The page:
'Iconic' King Leaves Throne: Final Show Tonight
Critics bid farewell to softballs, suspenders
By Matt Cantor, Newser User
Posted Dec 16, 2010 7:53 AM CST
Updated Dec 16, 2010 1:55 PM CST
In this Jan 5, 1994 file photo, Larry King is shown during an interview at the CNN studio in Washington.   (AP Photo/Dennis Cook)

(Newser) – Tonight is Larry King’s final show on CNN—Bill Maher and Ryan Seacrest will be in the studio with him, and word has it he’ll be receiving a taped sendoff from President Obama and chat with more than a dozen other mystery guests via satellite. Some 50,000 interviews later, what the critics are saying:

  • King’s career “eternally careened between pinnacles of wild success and pits of utter catastrophe,” writes Glenn Garvin in the Kansas City Star. But “it's hard to find anyone of any significance in the past half-century who hasn't sat across the table.”

  • “King was criticized throughout the years by other journalists and media-watchers for favoring softball questions, but if anything, his tendency to go easy on subjects kept the famous names coming,” note Amie Parnes and Karin Tanabe at Politico.
  • “If Larry King's not iconic we don't know who is,” writes Lisa de Moraes at the Washington Post. “We will miss Larry's giggle. We will miss Larry's stupid suspenders. We will miss the way he, at times, has no idea who he is interviewing.”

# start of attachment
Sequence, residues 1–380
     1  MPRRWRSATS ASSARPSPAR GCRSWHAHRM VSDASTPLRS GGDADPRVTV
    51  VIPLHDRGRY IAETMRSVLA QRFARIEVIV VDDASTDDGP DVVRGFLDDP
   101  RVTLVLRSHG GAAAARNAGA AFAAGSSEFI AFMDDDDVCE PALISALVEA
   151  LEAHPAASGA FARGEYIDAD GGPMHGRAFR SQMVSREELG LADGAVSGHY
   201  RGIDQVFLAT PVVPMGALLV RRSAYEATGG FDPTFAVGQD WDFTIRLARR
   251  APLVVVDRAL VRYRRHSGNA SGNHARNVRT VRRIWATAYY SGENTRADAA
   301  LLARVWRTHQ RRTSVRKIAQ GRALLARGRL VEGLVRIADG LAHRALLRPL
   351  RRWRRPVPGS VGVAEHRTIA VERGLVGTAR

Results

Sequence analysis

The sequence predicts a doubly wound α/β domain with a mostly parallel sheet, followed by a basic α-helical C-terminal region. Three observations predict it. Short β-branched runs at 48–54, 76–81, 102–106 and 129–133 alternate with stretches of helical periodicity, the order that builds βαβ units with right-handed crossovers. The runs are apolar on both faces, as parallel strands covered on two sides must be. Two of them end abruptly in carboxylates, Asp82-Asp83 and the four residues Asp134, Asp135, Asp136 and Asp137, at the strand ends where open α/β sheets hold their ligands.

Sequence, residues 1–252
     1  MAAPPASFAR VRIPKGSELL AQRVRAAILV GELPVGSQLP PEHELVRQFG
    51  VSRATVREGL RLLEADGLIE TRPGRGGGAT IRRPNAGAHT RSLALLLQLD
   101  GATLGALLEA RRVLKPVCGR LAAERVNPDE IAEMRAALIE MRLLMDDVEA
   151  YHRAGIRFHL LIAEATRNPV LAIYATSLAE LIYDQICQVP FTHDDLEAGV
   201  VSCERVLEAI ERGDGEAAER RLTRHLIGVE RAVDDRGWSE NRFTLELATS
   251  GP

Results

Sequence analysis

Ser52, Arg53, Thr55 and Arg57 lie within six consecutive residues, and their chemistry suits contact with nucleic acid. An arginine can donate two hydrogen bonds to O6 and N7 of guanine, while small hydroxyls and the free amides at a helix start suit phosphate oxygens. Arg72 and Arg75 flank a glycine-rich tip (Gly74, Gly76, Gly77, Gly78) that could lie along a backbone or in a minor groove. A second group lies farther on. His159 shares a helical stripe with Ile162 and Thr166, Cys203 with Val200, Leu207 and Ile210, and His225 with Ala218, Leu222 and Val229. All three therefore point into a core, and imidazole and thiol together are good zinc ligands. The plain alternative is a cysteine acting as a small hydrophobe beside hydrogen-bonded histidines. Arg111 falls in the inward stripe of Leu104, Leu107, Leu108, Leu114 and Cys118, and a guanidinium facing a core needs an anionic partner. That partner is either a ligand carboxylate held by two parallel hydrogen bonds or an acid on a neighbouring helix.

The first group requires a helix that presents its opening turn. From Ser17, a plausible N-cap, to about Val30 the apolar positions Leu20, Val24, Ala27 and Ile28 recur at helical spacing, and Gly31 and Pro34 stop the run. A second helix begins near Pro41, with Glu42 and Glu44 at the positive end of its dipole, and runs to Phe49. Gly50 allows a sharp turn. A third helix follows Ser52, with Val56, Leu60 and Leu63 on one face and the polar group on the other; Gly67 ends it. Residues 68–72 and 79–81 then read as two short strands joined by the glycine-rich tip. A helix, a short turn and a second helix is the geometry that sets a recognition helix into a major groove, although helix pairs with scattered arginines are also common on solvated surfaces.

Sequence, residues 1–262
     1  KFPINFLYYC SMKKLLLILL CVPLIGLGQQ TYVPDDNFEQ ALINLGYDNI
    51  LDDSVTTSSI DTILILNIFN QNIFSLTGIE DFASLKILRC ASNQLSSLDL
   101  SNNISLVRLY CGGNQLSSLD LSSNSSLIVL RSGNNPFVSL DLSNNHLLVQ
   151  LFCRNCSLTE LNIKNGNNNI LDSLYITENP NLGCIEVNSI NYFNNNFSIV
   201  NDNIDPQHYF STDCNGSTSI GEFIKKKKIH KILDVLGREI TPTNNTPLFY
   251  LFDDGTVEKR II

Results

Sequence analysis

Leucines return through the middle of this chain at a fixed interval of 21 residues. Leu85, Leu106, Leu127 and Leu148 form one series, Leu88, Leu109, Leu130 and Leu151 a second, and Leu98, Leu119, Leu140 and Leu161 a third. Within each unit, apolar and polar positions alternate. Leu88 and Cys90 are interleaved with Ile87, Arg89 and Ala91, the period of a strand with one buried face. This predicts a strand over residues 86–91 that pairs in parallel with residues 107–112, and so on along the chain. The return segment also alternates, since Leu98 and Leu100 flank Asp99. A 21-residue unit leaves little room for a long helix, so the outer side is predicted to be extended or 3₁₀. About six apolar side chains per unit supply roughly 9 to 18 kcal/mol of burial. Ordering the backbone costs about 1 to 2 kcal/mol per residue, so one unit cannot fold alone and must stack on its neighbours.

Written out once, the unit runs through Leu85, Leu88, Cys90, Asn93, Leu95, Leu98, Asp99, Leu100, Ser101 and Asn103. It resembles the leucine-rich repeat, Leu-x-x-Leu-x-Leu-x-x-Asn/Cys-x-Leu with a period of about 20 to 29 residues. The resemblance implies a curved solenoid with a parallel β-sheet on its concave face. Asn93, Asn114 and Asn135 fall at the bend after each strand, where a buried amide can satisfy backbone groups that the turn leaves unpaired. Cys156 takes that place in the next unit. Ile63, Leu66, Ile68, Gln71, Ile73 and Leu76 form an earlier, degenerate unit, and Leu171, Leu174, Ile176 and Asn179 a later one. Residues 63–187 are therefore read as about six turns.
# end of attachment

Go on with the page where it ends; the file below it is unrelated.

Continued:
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Showing 3 of 7 comments
Guevara
Dec 16, 2010 3:46 PM CST
Count in days where he interviewed at events and you get tons more. Count in days where he DID interview multiple people a day. Count in times where he interviewed people before he was a talk show host, I'm sure there definitely were more than one sports player or pop singer or events with tons of stars.
Just_Dave
Dec 16, 2010 12:22 PM CST
50,000 divided by 250 days (5 days a week for 50 weeks with two weeks a year vacation) mean it would take: 200 years for 1 interview a day 100 years for 2 interview a day 66 years for 3 interviews a day 50 years for 4 interviews a day 40 years for 5 interviews a day 50,000 interviews....I think not. But it's nice that they are letting him 'retire' instead of firing him.
paul123
Dec 16, 2010 11:26 AM CST
Who?